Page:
Okay, so maybe it’s a bad example or I’m just not describing it all that well. I have a cold and my right ear is plugged and I feel like I’m losing it a little, but I wondered why this reporter’s method was necessary in the first place.

She began her segment by saying something along the lines of:

?How does what’s happening in Syria relate to life here in Toronto anyway?”

I wondered if people really needed the story to be spoon fed to them like that, as if they couldn’t already put themselves in the shoes of a mother, losing hope for keeping her children healthy and alive. Hadn’t they all considered what it must be like to be stuck in a war zone? I guess, to a point, I use that distance between myself and such horrible events as a cushion too.

I may feel sad and disappointed in the Syrian government for being unable to keep its people safe. I may be frustrated that although my country of Canada has done more than many to help the Syrian people, our participation has dwindled. I may be sad and disappointed in myself for the fear that even the small gestures of compassion and gratitude I’ve made aren’t enough.

Lots of sadness and disappointment to go around. Excellent choice for the month. If I’m honest, to come right out and say it, I have been sad and disappointed that
1000 Voices Speak For Compassion
and
Ten Things of Thankful
seem to be losing steam.

It’s obvious by the number of entries in the linkup. The terrible events around the world that inspired a handful of bloggers to act in the only way they knew how, nearly two years ago, is a small sample of what it was once.

That first month there were hundreds of entries. Now, with the linkup being open, not just one day, but a whole week. And yet, my entry is found to be one of the last, if not the last, at five or six along on the list. Where did everybody go? It’s frustrating to see how willing people were, when the excitement and energy were new and when a small discussion on holding on to compassion in times of hardship suddenly and unexpectedly grew into something a lot larger than anyone could have ever anticipated.

Five or six people, including me, took the time to write and keep the movement going this month. This makes me sad. I feel disappointed, but I have compassion for all those who haven’t kept up with it, though some come and go, taking it for granted that it should always be there.

You have to feel it to write. I can be honest about how I feel, but I have a lot of compassion for everyone who didn’t show up. I have been one of them. I can’t say I won’t be one in the future. All the praise goes to those keeping it going this long.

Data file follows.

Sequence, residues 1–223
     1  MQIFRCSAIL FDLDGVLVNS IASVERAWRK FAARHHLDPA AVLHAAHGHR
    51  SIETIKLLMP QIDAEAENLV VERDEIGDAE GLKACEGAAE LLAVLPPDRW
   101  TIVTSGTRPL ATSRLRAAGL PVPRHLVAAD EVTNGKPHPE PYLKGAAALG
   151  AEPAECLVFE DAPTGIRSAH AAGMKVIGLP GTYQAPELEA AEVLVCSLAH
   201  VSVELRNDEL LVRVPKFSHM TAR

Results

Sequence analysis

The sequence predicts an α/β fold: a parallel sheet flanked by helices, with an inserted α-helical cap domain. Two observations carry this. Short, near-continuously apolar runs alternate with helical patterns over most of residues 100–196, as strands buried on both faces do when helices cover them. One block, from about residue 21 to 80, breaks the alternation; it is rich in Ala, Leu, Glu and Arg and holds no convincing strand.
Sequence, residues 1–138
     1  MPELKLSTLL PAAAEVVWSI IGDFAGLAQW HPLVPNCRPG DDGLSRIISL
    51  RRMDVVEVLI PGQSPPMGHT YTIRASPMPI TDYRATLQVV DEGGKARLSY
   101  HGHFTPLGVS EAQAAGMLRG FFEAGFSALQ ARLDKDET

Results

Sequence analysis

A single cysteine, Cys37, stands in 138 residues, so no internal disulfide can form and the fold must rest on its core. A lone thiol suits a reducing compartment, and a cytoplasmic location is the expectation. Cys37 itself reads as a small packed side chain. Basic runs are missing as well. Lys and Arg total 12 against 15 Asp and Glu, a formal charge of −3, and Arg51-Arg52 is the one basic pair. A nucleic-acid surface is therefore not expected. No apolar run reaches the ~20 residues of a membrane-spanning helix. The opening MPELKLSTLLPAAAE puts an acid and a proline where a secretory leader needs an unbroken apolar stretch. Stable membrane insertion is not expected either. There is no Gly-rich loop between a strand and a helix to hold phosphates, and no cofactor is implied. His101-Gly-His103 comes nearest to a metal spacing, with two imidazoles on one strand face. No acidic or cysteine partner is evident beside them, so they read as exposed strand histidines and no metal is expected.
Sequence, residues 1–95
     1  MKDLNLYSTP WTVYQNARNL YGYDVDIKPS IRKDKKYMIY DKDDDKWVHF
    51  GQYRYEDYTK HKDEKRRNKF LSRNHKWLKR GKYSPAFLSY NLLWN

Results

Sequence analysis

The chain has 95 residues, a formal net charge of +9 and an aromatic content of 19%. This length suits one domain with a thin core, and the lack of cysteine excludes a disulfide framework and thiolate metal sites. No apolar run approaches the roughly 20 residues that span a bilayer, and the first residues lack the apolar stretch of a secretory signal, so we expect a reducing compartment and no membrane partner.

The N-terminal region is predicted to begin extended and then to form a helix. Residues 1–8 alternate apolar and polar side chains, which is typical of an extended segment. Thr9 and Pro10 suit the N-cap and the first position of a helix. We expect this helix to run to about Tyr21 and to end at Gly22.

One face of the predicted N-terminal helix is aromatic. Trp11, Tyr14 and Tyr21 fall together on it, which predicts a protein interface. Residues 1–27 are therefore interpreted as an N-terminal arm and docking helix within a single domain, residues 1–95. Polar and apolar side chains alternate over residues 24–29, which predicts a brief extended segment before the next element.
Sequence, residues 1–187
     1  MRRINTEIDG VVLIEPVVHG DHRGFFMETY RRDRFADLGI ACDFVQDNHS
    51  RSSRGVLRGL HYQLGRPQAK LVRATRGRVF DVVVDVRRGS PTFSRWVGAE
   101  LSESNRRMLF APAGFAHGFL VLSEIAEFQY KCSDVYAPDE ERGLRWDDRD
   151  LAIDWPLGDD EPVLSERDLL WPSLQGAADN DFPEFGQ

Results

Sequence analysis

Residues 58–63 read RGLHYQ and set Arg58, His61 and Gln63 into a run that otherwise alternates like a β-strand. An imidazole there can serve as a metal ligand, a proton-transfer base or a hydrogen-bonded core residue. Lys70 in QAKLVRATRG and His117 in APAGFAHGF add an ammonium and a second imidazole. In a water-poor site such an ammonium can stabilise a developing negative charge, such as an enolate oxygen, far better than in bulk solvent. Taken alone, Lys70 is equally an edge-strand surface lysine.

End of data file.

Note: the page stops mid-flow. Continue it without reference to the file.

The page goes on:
Nothing goes on forever. Everything starts and stops somewhere.

Life gets busy. People forget. Times are hard. They’ve moved on.

This is a time where sadness and disappointment are commonly felt emotions. I am sad and disappointed.

I am sad that we have arrived in this place, where compassion feels strangled by suspicion and self interest.

Taxes. Rising bills to be paid. Mortgages and kids and stressful jobs and relationships and social media.

I am disappointed in America for giving up and giving in. Donald Trump is where he is. I am sad and I am disappointed.

In these times, I believe honesty is best, if we’re ever going to face the ills of our society, like racism and class, job, and economic uncertainties. We’re all fighting for our own, equal slice of the pie.

Where, then, does compassion come in? I am trying desperately to fit the pieces together.

I am trying, underneath a steady undercurrent of sadness, to listen to people and to respect different beliefs. It is the hardest thing I’ve ever had to do. This situation is unique in that most times, after a time, I can see where someone may be coming from. In some of these situations, where prejudice is at the core of it, I can’t understand.

Then I lose all compassion for myself, as I feel like it’s something on me, like I’m just not trying hard enough to understand.

It’s mostly based on fear. That much I’ve surmised. I can have empathy for that, to a point, as I know what fear looks like, feels like, smells like, sounds like.

I have compassion for everyone. It’s when some people’s true feelings come to light that I jump back in shock and the sadness and disappointment wash over me with no warning.